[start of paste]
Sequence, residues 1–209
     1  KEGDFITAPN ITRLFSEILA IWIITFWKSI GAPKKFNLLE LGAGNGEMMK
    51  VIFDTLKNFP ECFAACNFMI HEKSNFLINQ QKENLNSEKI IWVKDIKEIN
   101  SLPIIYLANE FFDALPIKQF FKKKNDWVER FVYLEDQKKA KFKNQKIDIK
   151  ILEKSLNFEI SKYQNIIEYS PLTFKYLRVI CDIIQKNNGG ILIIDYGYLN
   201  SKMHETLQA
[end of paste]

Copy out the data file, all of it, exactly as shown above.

Sequence, residues 1–209
     1  KEGDFITAPN ITRLFSEILA IWIITFWKSI GAPKKFNLLE LGAGNGEMMK
    51  VIFDTLKNFP ECFAACNFMI HEKSNFLINQ QKENLNSEKI IWVKDIKEIN
   101  SLPIIYLANE FFDALPIKQF FKKKNDWVER FVYLEDQKKA KFKNQKIDIK
   151  ILEKSLNFEI SKYQNIIEYS PLTFKYLRVI CDIIQKNNGG ILIIDYGYLN
   201  SKMHETLQA